The shutdown began on Friday after demonstrations broke out in over 100 Iranian cities, with network connectivity currently below 4 per cent of normal levels.
Internet watchdogs said the state-run Telecommunications Company of Iran (TIC) began the process of blocking internet traffic to prevent citizens from organising protests and sharing pictures and videos of the demonstrations with the outside world.
The country's largest mobile network operators have since been shut off, including MCI, Rightel and IranCell.
"Despite some network services becoming available for select users, Iran is disconnected and isolated from the world," stated a post from internet outage monitor NetBlocks.
Web research firm Oracle Internet Intelligence described the blackout as "the largest internet shutdown ever observed in Iran", despite the country being "no stranger" to government-directed interference.
"Unlike previous efforts at censorship and bandwidth throttling, the internet of Iran is presently experiencing a multi-day wholesale disconnection for much of its population – arguably the largest such even ever for Iran," Doug Madory, director of internet analysis at Oracle, wrote in a blog post.
The shut down is also unique in its complexity, as the entire process of various networks closing their services took around 24 hours.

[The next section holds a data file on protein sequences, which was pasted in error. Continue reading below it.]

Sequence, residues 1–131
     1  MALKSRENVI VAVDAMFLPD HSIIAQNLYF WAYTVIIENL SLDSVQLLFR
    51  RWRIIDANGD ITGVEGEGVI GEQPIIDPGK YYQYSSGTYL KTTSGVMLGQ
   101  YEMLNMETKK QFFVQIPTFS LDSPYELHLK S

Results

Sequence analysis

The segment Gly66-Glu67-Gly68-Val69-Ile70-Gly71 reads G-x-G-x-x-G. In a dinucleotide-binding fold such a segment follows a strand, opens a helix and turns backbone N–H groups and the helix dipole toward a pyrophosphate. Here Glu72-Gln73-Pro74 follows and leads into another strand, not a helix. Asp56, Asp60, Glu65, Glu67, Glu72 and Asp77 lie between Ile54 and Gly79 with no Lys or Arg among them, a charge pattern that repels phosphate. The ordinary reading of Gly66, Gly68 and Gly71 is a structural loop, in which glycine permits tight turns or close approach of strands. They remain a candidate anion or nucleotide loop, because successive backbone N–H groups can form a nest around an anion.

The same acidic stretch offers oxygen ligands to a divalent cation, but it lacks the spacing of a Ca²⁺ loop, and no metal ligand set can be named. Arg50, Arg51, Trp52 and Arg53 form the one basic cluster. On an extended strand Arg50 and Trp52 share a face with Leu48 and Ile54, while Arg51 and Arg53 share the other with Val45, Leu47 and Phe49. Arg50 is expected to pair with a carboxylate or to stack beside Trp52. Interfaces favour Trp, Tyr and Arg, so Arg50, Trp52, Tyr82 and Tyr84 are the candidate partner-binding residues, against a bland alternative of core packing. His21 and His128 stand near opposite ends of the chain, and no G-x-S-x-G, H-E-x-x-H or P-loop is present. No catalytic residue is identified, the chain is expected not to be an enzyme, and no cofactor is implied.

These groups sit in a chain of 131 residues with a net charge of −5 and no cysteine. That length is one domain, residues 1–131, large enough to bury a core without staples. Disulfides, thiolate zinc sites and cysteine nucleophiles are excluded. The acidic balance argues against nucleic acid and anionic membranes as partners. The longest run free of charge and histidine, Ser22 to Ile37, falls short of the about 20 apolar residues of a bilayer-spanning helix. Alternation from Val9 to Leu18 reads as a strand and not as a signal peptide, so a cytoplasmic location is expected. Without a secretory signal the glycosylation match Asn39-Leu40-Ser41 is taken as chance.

The unrest broke out after the Iranian government raised fuel prices in the country by 50 per cent, largely in response to harsh economic sanctions from the US that have crippled the country's economy.
Human rights experts had previously warned that these sanctions could have severely negative consequences for the citizens of Iran.
Some protestors appear to have navigated around the internet blackout by posting videos online, with some footage revealing crowds containing thousands of demonstrators in the capital Tehran. In one video, which could not be independently verified, a man told the camera: "Right now in Karaj they are attacking the people."
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